Yes, Jar Jar Binks was a pretty bad creation. Yes, Anakin was the most irritating kid since Macaulay Culkin. Yes, Star Wars: Episode I - The Phantom Menace riled a lot of hardcore fans, but the John Williams soundtrack absolutely nailed the bombastic, galactic tone of the previous three movies so much so that the soundtrack itself went platinum.

This week's Score Encore is going to focus on one particular piece of music despite the huge amount of choice. The Star Wars theme is probably the most iconic in all of film, so I'm not about to write a few hundred words on a song we have all heard a billion times before.

As mentioned, each Star Wars film contains an incredible amount of music but the main, enduring piece of music that came from Episode I is undoubtedly the choral 'Duel of the Fates'. The striking voices cut to the bone and make the piece of music an incredibly affecting work. Williams own words describe this choice poetically: "The presence of a chorus might lend a ritualistic, quasi-religious quality to the scene so it wasn't just a swashbuckling accompaniment for the orchestra. To capture the magical, mystical force that a regular orchestra might not have been able to provide."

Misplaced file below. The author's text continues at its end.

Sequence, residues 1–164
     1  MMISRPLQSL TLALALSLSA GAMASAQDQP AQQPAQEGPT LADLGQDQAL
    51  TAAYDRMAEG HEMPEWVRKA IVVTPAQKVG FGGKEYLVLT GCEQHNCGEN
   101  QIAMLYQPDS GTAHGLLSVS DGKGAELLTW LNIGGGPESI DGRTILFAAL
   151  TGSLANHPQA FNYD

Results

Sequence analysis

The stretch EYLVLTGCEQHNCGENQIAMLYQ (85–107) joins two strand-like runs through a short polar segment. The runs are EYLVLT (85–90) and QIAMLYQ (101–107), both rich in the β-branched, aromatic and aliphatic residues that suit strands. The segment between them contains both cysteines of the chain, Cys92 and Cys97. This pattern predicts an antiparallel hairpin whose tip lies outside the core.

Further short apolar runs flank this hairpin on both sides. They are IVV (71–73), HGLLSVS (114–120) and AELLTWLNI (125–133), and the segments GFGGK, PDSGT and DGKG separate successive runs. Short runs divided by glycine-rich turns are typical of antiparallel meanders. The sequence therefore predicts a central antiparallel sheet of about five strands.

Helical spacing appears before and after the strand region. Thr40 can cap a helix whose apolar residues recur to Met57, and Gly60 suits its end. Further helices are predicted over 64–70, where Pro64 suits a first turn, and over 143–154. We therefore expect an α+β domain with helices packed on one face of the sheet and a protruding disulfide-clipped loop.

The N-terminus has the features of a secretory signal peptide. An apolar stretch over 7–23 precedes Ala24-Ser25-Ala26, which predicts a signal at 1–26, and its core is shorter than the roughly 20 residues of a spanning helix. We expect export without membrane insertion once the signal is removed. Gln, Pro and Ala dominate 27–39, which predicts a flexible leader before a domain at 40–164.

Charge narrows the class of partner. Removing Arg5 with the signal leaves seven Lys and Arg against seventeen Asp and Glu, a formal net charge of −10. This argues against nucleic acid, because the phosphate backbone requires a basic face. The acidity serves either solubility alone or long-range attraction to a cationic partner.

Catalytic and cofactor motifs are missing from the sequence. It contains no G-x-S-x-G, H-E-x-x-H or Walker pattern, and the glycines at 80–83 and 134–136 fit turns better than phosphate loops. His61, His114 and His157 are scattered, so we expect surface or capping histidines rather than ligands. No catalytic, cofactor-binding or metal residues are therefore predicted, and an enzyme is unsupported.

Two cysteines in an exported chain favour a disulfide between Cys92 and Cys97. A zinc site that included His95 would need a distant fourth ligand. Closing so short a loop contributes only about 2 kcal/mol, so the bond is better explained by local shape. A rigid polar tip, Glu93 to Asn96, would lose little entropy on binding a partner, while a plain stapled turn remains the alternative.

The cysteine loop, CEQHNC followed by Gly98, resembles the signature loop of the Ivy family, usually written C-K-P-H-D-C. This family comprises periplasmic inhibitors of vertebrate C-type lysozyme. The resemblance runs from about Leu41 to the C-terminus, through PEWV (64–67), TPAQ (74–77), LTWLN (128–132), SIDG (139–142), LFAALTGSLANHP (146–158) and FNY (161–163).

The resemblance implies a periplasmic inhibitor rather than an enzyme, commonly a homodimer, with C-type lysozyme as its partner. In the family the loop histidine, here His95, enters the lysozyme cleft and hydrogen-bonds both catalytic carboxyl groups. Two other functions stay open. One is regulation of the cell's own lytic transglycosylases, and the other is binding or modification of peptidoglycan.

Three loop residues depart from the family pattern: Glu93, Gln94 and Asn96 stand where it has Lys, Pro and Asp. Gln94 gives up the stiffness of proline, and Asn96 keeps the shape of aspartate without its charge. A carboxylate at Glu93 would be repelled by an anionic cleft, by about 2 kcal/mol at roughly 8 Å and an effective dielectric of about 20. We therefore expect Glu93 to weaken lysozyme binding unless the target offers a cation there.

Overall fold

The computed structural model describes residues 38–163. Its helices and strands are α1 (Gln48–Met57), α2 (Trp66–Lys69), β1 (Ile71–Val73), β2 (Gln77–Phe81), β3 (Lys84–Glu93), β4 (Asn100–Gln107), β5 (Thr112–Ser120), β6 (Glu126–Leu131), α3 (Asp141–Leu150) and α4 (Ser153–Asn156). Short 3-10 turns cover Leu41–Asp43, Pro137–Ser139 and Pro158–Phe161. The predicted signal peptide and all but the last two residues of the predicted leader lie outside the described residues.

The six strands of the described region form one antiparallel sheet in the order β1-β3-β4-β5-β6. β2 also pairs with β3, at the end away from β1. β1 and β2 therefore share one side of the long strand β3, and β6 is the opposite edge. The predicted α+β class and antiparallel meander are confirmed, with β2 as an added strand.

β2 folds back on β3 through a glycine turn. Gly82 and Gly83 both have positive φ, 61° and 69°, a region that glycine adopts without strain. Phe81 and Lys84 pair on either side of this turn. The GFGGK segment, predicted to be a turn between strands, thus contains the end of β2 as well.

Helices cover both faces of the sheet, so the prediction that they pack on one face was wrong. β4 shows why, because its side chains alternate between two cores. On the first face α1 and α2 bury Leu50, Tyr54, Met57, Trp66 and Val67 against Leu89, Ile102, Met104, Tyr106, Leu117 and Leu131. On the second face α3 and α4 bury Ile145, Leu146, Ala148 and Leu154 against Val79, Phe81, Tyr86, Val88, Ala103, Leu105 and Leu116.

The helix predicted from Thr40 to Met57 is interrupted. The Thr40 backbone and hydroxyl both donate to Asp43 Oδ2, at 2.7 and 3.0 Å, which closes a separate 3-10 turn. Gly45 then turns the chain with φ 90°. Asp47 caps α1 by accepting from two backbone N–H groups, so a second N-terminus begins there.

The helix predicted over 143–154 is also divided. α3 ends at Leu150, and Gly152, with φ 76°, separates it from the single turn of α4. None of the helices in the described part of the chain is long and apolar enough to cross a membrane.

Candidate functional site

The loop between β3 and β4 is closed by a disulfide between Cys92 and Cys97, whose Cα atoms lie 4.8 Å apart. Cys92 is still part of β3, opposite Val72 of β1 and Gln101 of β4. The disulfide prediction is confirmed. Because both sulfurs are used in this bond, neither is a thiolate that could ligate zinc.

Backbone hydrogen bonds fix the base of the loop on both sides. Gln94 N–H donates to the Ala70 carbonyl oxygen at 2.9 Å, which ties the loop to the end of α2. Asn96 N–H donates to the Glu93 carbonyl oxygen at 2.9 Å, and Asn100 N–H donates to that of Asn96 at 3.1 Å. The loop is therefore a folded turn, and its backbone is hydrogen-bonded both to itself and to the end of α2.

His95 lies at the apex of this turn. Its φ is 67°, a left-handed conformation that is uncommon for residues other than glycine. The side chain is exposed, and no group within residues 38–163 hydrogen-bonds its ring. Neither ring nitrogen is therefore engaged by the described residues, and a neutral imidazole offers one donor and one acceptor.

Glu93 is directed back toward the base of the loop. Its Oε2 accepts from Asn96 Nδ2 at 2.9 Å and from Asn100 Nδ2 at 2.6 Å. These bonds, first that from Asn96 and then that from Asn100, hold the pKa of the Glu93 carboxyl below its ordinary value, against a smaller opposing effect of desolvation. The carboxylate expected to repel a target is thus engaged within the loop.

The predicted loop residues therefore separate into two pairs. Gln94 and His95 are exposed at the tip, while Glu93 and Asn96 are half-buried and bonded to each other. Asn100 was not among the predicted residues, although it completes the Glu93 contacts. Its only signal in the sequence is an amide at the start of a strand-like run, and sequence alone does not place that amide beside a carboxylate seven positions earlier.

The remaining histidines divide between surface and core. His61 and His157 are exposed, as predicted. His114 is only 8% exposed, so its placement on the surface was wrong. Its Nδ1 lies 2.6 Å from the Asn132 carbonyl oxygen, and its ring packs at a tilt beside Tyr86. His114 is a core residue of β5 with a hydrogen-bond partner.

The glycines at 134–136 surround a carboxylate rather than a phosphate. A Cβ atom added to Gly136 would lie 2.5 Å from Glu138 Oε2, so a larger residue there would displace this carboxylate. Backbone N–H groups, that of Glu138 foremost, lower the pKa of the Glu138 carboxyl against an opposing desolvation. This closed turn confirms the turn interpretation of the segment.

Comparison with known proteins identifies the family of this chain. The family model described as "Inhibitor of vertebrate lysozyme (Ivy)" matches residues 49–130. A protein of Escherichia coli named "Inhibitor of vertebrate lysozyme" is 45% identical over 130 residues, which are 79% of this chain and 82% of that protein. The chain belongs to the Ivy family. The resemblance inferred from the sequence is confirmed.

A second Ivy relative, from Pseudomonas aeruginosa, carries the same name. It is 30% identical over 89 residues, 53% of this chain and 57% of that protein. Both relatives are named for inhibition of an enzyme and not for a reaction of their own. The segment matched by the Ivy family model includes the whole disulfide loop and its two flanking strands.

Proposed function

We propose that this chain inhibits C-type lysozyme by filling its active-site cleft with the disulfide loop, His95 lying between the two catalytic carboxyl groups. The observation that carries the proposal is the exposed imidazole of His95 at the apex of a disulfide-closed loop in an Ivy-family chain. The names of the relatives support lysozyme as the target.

The choir in 'Duel of the Fates' are singing in Sanskrit, which is a language close to the heart of Star Wars with "Yoda" derived from the Sanskrit word for "warrior" and "Padme" the Sanskrit word for "lotus." The lyrics of 'Duel of the Fates' are from Robert Graves' poem The White Goddess, which is a translation of the original version, "Cad Goddeu" or "The Battle of Achren", an early Celtic poem originally written by Gwion and is found in the Book of Taliesin. John Williams had the lines "Under the tongue root a fight most dread, and another raging, behind, in the head" translated into Sanskrit.

It's a truly epic piece of music fit for the most epic of film franchises. It'll go down as one of the great film compositions (and as one of the weirdest choices for a football team's tunnel walk music) of all time.